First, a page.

- Nestlé is closing its Sweet Earth Foods facility in Moss Landing, California, which will lead to the loss of 104 jobs, the company told Food Dive. These changes are effective May 6.
- In a statement, Nestlé said it will shift production of the plant-based items made at the facility to its Solon, Ohio, factory. "This move will help optimize production and utilization across our meals manufacturing network, as well as streamline delivery to our customers," a spokesperson said.
- Companies throughout the food and beverage space have been adding, and in some cases cutting, jobs in the past few years as they better position their portfolios to keep pace with changing consumer trends.
While it's hard to glean whether the closure is the result of challenges with the Sweet Earth brand or a move, as Nestlé says, to streamline production, it's the latest blemish for the plant-based meat sector. In a statement, Nestlé noted Sweet Earth "remains an important part of our foods portfolio."
But there are reports that the slowdown in plant-based meat growth is more abrupt than many expected, leading to questions about the future of a category that serves a consumer choice rather than a broader societal need.
Ethan Brown, Beyond Meat's CEO, told analysts last month that the company showed negative growth and high net losses during its most recent quarter. "The key question is whether this reduced growth rate is an aberration or a harbinger of things to come," he said.
Similar problems were reported by Maple Leaf Foods, which posted a sales decline of 3.7% for its Greenleaf Foods division, which includes plant-based meat brands Lightlife and Field Roast, during its fourth quarter. CEO Michael McCain said that as a result, Maple Leaf is reallocating the amount of capital and space in the supply chain to be consistent with a much smaller growth rate than anticipated.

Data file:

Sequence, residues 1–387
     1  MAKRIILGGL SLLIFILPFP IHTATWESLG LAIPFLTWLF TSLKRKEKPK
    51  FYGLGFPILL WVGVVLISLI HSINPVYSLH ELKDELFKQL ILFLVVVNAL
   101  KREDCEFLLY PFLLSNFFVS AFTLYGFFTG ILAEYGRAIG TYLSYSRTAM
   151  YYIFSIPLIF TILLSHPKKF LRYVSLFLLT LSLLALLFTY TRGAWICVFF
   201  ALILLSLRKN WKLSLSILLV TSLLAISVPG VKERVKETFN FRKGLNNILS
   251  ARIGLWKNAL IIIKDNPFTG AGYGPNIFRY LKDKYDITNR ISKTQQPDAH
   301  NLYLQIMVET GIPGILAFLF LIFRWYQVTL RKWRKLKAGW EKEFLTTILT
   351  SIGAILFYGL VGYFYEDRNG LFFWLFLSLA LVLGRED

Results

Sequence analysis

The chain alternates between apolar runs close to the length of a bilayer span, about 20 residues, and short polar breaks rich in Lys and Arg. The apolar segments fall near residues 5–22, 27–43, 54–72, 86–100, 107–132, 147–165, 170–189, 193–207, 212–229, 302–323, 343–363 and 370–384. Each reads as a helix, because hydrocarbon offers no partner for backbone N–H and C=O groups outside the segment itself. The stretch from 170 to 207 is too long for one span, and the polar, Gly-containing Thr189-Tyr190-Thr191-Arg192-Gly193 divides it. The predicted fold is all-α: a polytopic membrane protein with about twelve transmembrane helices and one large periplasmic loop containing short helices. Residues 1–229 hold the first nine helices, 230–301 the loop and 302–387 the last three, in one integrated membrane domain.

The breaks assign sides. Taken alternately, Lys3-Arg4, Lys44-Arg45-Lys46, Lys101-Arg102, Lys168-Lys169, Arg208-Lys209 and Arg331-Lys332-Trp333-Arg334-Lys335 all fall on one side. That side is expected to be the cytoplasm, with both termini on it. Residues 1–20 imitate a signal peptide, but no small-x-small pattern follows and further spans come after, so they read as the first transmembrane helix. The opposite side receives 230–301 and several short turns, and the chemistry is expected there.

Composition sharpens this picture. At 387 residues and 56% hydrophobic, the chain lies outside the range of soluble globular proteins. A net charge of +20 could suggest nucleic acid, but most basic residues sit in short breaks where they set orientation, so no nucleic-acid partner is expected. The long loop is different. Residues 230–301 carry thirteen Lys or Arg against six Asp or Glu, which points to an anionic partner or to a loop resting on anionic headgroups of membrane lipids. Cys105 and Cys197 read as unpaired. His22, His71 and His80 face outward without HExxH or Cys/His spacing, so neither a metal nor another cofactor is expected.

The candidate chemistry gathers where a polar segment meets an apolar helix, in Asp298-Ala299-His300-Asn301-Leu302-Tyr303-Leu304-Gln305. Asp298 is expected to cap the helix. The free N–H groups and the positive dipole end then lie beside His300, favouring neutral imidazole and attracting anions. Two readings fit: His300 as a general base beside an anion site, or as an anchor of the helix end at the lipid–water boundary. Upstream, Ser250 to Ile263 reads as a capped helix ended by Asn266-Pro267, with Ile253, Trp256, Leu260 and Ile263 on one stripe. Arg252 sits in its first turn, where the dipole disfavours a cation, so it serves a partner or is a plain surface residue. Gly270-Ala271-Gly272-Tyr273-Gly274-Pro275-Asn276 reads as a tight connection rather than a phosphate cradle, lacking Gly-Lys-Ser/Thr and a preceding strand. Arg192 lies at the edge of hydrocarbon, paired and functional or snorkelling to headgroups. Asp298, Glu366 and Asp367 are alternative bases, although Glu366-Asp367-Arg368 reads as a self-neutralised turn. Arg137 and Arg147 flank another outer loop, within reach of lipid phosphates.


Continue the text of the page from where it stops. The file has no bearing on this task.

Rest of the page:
Nestlé acquired Sweet Earth, a manufacturer of plant-based beef, chicken, deli slices, hot dogs and other offerings, in 2017. The closure in California marks a shift of late for Nestlé. Recently, it has been expanding or building new facilities to meet an increase in demand for many of its products.
Earlier this week, Nestlé said it would spend $675 million on a factory in Arizona to make creamers. The new facility will create more than 350 jobs. Last year, Nestlé announced it would invest $100 million to expand its frozen foods factory in South Carolina that manufactures brands such as Stouffer’s and Lean Cuisine. In 2020, it spent $100 million to build a Hot Pockets line at a facility in Arkansas.
Nestlé's growth mirrors other expansion efforts throughout the food and beverage landscape that are expected to continue as trends like snacking, eating at home and better-for-you offerings continue to gain momentum.
Mondelēz International, for example, said in November it will invest $122.5 million over three years to boost capacity at a Virginia facility where it makes Oreos. And J.M. Smucker said that same month it is spending $1.1 billion to build a new manufacturing facility and distribution center in Alabama to produce its Smucker's Uncrustables sandwiches. The plant will create up to 750 jobs.
Despite the noticeable shift toward adding jobs, CPGs have also not been reluctant to cut them in response to shifts in demand or to boost efficiencies.
Mondelēz announced in 2021 the closure of two plants, one in Georgia and the other in New Jersey, that would impact 1,000 workers. The company said the locations were no longer geographically strategic and the facilities were facing operational challenges, including aging infrastructure. And Coca-Cola announced in late 2020 it would cut 2,200 jobs globally through buyouts and layoffs as part of a restructuring plan accelerated by the ongoing pandemic.